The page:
I laughed at her because I was 16 and had never had a drop of alcohol in my life. I didn’t even a have a curfew at that point in time, despite having a driver’s license and a car because I was the epitome of a rule follower and my parents knew that I would never drink in high school. They were right. I didn’t even drink my first year away at college, not because of my grandma’s warning, just out of a sense of following the law.
But my grandma’s comment echoes in my ears now all these years later. My dad’s family is not especially large, but what it lacks in size, it makes up for in addiction.
I have clear memories of times in my childhood where I didn’t see my dad after school for days, sometimes weeks on end. I don’t remember asking my mom where he was, but I later learned that he was out drinking at various bars around town. I remember the time our car smelled suspiciously like vomit after my parents were out late one Friday night. I remember the Saturday mornings where my dad had “migraines” and we had to stay quiet.
As an adult, I see the markings of alcohol, but as a child I never noticed. I guess that’s one of the great parts about the innocence of childhood.
Astoundingly, my father is actually the most in control of his drinking and probably the least in denial about his relationship with alcohol of anyone in his family. His brother entered AA a decade ago and if you ask his wife or my grandma, he’s a resounding success story. If you ask anyone who’s actually paying any attention, he’s worse than he was before he got his first chip.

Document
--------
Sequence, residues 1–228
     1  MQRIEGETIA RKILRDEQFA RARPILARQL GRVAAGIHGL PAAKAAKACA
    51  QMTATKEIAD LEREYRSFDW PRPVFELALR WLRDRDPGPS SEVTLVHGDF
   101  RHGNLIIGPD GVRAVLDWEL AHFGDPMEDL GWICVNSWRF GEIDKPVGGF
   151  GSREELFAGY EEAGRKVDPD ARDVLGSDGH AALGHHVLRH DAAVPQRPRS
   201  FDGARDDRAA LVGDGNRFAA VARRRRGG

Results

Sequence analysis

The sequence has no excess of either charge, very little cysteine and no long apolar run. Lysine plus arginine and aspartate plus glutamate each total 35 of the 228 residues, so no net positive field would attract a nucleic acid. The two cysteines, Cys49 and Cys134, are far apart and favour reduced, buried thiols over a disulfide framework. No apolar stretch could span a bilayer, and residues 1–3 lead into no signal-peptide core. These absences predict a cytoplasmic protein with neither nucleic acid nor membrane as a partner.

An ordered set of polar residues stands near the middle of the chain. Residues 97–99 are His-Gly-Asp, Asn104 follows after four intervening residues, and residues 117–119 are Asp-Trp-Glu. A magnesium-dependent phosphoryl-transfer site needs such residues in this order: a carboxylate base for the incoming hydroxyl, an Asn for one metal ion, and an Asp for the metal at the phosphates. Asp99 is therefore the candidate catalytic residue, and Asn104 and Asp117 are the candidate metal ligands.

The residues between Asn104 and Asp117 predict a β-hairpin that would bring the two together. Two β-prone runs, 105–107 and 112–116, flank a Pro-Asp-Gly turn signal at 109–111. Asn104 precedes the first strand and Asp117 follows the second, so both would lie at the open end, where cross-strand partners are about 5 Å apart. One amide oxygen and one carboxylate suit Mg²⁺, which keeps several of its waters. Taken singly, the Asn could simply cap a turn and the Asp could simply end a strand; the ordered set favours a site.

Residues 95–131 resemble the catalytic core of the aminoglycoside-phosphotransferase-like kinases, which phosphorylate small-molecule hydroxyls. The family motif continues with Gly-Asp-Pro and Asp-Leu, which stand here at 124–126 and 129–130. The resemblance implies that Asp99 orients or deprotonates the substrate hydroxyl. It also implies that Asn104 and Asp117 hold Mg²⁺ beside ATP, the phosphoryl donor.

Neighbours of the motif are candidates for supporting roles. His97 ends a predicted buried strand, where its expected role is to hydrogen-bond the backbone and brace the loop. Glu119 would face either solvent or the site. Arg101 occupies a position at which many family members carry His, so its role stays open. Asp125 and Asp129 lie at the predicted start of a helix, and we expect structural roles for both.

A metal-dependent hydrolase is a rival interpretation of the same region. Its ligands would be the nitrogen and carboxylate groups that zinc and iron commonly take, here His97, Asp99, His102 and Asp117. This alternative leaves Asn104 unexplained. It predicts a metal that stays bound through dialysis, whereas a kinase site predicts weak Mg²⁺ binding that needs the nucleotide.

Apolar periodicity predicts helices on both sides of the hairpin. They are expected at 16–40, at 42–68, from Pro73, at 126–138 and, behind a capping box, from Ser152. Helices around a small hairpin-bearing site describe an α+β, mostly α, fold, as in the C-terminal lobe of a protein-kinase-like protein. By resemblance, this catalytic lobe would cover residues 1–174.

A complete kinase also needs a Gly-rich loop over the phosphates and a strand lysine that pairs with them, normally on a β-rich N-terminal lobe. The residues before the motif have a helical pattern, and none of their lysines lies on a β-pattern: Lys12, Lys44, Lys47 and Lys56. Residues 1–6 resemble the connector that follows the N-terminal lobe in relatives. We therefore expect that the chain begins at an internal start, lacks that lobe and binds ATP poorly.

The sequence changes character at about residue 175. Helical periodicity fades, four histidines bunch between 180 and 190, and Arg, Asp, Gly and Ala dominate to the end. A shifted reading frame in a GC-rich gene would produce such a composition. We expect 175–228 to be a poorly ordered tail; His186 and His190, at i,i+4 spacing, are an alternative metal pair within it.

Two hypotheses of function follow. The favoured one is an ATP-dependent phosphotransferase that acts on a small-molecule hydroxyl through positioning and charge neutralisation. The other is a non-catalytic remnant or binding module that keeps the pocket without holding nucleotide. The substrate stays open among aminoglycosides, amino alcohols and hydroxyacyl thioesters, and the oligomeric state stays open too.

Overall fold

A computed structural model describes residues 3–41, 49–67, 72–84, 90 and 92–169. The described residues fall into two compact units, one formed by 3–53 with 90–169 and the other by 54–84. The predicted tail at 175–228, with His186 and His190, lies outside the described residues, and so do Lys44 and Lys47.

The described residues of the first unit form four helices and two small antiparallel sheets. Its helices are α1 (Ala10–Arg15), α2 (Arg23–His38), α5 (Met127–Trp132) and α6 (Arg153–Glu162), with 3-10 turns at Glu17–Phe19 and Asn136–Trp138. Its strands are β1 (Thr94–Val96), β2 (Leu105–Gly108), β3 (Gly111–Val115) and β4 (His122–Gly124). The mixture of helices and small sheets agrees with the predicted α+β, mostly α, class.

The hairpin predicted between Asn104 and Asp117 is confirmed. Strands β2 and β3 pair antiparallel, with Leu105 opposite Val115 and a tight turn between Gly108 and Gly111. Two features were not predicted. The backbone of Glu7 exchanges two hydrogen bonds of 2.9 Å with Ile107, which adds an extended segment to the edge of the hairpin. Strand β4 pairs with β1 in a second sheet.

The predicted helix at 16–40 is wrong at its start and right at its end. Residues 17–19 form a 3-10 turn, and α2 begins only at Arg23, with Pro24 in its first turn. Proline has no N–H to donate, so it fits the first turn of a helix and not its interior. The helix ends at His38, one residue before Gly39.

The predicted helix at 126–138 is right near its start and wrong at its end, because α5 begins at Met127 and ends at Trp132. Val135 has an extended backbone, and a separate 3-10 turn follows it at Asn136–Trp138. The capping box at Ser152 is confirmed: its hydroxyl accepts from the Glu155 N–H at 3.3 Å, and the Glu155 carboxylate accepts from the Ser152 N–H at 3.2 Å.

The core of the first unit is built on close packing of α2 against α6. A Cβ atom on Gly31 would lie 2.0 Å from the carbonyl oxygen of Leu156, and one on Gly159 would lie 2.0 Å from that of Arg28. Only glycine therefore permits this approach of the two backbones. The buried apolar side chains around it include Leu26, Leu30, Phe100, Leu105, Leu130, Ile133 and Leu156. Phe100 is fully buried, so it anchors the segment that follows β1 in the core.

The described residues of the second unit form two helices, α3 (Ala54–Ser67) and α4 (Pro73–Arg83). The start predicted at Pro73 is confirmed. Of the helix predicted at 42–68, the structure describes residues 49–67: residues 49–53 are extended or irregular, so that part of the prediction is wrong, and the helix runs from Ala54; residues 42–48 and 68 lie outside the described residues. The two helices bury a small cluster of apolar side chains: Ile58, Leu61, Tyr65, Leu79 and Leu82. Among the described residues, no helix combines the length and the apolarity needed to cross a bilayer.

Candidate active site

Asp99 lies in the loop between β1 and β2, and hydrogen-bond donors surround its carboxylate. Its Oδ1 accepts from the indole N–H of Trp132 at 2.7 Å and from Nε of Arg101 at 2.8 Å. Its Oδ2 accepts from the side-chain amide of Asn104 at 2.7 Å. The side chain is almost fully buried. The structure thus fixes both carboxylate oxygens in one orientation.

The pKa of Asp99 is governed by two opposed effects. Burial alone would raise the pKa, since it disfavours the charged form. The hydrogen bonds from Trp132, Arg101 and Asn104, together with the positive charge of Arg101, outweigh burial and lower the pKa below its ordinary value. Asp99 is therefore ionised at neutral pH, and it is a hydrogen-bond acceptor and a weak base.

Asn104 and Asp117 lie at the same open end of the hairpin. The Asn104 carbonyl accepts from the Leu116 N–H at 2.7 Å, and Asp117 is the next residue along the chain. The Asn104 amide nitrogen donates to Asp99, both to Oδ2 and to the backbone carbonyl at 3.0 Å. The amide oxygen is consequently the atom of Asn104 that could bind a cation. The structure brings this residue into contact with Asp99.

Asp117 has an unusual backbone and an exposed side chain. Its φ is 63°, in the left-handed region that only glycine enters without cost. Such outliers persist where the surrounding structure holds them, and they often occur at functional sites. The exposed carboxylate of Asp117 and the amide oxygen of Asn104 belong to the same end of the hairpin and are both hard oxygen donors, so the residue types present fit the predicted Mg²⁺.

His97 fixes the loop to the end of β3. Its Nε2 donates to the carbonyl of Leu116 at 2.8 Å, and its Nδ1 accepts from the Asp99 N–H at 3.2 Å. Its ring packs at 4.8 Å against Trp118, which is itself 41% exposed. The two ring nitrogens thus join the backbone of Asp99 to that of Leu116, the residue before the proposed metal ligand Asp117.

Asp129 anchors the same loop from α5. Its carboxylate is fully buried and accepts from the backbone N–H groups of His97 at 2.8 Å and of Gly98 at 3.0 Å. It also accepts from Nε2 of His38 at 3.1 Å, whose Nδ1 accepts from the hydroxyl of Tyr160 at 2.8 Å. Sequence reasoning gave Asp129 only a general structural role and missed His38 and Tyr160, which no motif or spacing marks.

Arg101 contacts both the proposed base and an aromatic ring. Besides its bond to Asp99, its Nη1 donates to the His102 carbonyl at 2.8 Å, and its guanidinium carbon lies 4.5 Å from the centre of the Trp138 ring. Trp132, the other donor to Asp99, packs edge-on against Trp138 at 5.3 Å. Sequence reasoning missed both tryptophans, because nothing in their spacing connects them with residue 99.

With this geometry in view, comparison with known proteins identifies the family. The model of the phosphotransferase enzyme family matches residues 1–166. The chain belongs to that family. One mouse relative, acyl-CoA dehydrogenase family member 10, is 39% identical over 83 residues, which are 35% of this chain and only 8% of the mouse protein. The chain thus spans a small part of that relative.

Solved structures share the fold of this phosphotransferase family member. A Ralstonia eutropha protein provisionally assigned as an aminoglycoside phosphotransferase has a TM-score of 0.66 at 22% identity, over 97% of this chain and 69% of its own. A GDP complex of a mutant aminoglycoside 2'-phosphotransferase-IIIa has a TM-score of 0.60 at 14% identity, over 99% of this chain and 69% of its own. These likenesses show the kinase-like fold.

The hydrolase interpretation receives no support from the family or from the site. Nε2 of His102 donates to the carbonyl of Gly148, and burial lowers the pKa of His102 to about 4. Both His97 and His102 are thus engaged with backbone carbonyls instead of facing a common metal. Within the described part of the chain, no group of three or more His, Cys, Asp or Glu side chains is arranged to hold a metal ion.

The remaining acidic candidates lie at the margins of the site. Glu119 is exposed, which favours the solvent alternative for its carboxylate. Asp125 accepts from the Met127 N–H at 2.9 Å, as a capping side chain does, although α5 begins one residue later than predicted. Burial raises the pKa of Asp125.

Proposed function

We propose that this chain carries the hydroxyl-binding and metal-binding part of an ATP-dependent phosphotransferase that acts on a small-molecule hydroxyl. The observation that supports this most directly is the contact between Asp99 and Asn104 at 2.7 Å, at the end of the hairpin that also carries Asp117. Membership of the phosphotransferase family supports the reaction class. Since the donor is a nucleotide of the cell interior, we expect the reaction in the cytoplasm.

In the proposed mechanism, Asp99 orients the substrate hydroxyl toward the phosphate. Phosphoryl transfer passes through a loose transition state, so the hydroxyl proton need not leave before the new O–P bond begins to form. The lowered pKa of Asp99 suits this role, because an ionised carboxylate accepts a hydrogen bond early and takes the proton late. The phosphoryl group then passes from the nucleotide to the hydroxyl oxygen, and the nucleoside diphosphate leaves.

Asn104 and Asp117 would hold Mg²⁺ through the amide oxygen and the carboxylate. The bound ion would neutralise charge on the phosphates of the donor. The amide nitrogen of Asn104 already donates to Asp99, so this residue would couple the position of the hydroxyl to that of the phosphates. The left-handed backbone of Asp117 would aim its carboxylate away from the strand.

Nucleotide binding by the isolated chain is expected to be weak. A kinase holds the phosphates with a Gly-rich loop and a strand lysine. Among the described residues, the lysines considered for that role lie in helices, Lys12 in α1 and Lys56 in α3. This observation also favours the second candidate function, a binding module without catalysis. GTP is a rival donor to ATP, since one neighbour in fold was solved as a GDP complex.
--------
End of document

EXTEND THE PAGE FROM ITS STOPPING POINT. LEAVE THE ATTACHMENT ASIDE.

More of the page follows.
My grandma speaks of him as though he is a beacon of hope. He was the first to admit he has a problem, the first to seek help. And that is commendable. But the reality is that he admitted his problem because his wife made him, got help and then went back to drinking secretly. In fact, drinking more heavily than ever, it seems.
The best we can understand, he drinks on his way home from work. He appears sober at his job, but in the evenings, on weekends, at holidays, he is obviously, severely drunk. He drives in this state, he goes to family events, and somehow, everyone pretends like he’s sober even when there is every indication otherwise.
There was the time he was belligerent about eating before everyone else and in the process broke a crock pot, cut his hand open and didn’t even notice, even though it required stitches and bled profusely on his floor. There was the time he drank an entire bottle of vodka between sundown and going to bed while camping with my dad and pretended as though it was his first slip up in a decade. When it happened at every future camping trip, it became clear that it wasn’t an accident and it wasn’t unusual. No one should be able to handle that much alcohol, especially after a decade “sober.”
And every weekend his children post pictures and statuses about drinking on their Facebook and I watch by, in horror, seeing them slowly transform into their father. Talking about blacking out, talking about their 3 day hangovers.
I feel like screaming from the top of my lungs, but like everyone else, I am not brave enough. I am not brave enough to say what everyone sees, what everyone knows. I’m not afraid to speak up, even though it might be the right thing to do. I know my uncle is going to end up hurting someone, and it’s terrible, but I hope he only hurts himself. He drives drunk, he operates heavy machinery drunk, he hunts drunk. There is no question that he is a danger. And yet, I feel as though I am silenced by his secret addiction as much as he is.
I know that the only way he will stop, the only way his children will stop, is when something catastrophic happens. And I fear that day because I know that I will look back and realize that we could’ve done something, we could’ve stopped this spiral. But we chose silence, because silence is easier than confronting demons, easier than spilling secrets.
Because we chose denial, even though the truth was screaming to be told.